5Q :: French River’s nuclear missiles reach big audienceDuring the Cold War, eight sites around the nation (and two in Canada) housed 48-foot, 16,000-pound anti-aircraft missiles. Thanks to one historian, these nuclear warheads will finally get their day in the sun.
Most visitors to North Shore are unaware that the area was once home to 16,000-pound anti-aircraft missiles. That’s right; there were 28 Boeing-produced Bomarc missiles being held at the French River Air Base between Duluth and Two Harbors. Each one had about half the explosive power of the infamous Hiroshima nuke.
They were all removed by August 1972, but, thanks to scholar Christopher J. Bright, a lot more Northlanders will be able to read about what was almost right in their backyard. In his book “Continental Defense in the Eisenhower Era,” the George Washington University-educated independent historian also looks at the seven other Bomarc sites around the nation.
Budgeteer For starters, how did you get so involved in this subject matter? What first piqued your interest?
Bright: I live near the former site of another type of Cold War nuclear antiaircraft missile (a U.S. Army Nike-Hercules emplacement).
Before starting history graduate school, I researched the background of that and other neighboring sites in 1995. That research, in turn, led me to become aware of Bomarc and other weapons.
What can you tell us about your book? How long has it been in the works?
As you know, history graduate students must complete a book-length manuscript, a dissertation, to receive their [doctorate] degrees. About 10 years ago, I decided to expand upon my earlier research about Army nuclear Nike-Hercules near Washington, D.C., to cover other similar weapons nationwide and make that the topic of my dissertation. No other historian had studied them in the same manner. For a graduate student looking for a dissertation topic, that’s a very important consideration. After I completed the dissertation in 2006, I sent it to Palgrave Macmillan, which agreed to publish it as a book.
One of the many interesting things to me about this project is how numerous these nuclear anti-aircraft weapons were and how widely they were known to the public at the time. The government touted them; they weren’t secrets. Yet, they seem curiosities today.
Do you ever run into trouble researching this matter, as in government files that are still classified to this day?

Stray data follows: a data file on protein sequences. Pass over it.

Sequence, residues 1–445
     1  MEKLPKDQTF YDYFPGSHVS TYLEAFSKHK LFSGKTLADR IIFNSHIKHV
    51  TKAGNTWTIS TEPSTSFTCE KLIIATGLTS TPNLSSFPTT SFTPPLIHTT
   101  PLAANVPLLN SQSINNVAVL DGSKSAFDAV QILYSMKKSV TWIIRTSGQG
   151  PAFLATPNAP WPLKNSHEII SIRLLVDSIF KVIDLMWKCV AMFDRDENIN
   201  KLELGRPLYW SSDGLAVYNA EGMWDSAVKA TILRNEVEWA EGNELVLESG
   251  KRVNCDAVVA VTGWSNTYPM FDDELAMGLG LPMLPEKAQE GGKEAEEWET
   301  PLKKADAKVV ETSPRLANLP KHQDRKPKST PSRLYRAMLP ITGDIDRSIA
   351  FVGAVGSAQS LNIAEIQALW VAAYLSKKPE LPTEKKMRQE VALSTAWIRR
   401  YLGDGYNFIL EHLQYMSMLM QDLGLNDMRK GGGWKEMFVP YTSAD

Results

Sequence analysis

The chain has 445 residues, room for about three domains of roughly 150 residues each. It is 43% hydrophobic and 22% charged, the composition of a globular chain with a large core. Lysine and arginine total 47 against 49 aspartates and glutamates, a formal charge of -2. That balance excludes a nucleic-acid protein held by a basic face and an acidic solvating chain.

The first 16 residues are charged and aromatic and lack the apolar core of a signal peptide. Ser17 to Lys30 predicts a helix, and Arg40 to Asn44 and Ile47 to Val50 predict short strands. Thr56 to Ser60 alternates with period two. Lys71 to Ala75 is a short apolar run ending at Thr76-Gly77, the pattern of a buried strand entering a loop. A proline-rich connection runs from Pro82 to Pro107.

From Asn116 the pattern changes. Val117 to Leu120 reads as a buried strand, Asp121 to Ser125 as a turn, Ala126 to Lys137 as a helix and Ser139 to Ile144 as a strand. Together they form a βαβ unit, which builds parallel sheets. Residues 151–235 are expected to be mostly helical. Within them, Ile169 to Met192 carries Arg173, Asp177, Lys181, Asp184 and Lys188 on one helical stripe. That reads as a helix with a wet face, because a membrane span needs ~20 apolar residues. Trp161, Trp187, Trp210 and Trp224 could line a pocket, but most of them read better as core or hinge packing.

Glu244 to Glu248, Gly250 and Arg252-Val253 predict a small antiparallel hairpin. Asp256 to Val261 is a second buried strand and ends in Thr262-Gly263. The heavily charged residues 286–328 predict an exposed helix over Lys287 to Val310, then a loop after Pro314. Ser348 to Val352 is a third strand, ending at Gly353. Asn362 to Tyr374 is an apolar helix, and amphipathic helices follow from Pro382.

Most of the information was already declassified, but nobody had paid much attention to it. I asked the government, using a standard procedure, to declassify other documents at my request. It took a few years, but they complied. Some details such as precise nuclear yields and some weapon design data is still classified, lest dangerous parties today get hold of it and use it to try to fashion their own weapon.
In a few specific instances, I was able to make a pretty good guess about details, based upon other information which was readily available.
Were there a lot of sites in Minnesota where anti-aircraft missiles were stored?
There was only one Bomarc site in Minnesota. It was one of eight nationwide, with two more in Canada. The Minnesota site (at French River) held 28 missiles. These were in above-ground structures — not underground silos — which resembled barns.
There were Army nuclear Nike-Hercules missiles in three locations in Minnesota, around the Twin Cities, and another site across the border in Wisconsin.
There were also U.S. Air Force interceptors stationed at Duluth, and I think MSP, which carried nuclear weapons (called “Genie” rockets) which were also intended for use against incoming Soviet bombers.
My book covers these topics.
Is any part of your new book dedicated to French River’s missile base? If so, were there any little-know facts about the area you unearthed?
In my book, I mention the “Duluth” Bomarc site. It operated from August 1961 to April 30, 1972 — closing a little over 38 years ago.
NEWS TO USE
Learn more about Christopher J. Bright’s research and his new book, “Continental Defense in the Eisenhower Era,” at www.christopherjohnbright.com.
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